Native Hawaiians and Pacific Islanders in the U.S. experience numerous health disparities rooted in histories of oppression, colonization, and militarization. Sooyoun’s research explores (re)connection to water and land as protective factors for NHPIs, and how traditional food acts as a vessel connecting communities to each other, their cultures, and their environments. Restoring Indigenous food systems not only provides physical nourishment, but also cultivates spiritual and emotional healing. Her work focuses on improving food security and sustainability efforts, and supporting families and communities in harnessing intergenerational strengths and knowledge to revive their health and environments. Sooyoun is committed to community-driven, place-based research in the Pacific Northwest. She is deeply grateful to the communities she has the privilege of working with, who continue to guide her in advancing health equity.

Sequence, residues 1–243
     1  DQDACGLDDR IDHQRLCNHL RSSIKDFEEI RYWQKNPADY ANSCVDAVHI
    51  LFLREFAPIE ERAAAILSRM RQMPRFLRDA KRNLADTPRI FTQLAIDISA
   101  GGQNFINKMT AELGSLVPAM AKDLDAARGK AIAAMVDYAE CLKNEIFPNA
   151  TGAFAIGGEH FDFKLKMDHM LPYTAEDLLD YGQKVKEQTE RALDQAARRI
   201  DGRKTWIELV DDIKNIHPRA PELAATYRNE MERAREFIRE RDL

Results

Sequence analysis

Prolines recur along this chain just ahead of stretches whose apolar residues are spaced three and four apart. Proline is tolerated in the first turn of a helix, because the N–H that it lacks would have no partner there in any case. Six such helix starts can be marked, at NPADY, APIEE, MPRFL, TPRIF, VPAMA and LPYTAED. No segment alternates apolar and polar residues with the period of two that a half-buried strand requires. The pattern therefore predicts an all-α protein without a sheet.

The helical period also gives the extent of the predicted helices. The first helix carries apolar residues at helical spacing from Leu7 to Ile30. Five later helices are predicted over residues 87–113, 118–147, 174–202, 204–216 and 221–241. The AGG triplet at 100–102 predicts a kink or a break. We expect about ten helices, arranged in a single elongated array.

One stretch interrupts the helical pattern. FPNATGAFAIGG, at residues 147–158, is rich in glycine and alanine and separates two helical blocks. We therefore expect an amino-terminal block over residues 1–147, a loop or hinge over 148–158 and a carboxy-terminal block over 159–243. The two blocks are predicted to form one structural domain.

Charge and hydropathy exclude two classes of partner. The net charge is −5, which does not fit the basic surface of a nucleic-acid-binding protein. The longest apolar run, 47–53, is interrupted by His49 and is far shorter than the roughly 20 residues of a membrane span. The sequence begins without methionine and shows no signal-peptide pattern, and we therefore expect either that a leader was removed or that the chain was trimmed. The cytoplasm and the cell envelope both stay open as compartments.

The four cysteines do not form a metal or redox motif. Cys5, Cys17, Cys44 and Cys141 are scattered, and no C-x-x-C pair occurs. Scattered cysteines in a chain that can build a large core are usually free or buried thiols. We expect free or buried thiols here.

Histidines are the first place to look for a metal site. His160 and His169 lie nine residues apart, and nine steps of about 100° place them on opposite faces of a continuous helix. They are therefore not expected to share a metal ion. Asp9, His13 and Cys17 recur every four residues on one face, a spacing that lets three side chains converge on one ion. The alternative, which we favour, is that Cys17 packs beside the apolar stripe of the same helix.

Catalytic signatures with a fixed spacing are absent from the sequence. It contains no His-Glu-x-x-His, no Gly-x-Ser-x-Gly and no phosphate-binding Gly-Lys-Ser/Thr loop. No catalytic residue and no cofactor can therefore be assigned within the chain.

MORE ABOUT SOOYOUN
As a first-generation student and a daughter of Korean immigrants with a multigenerational and bilingual upbringing, Sooyoun is dedicated to creating culturally-grounded health interventions with a lifespan approach to health. She is also passionate about and hopeful for a future in which all people have the ability to feel connected to land.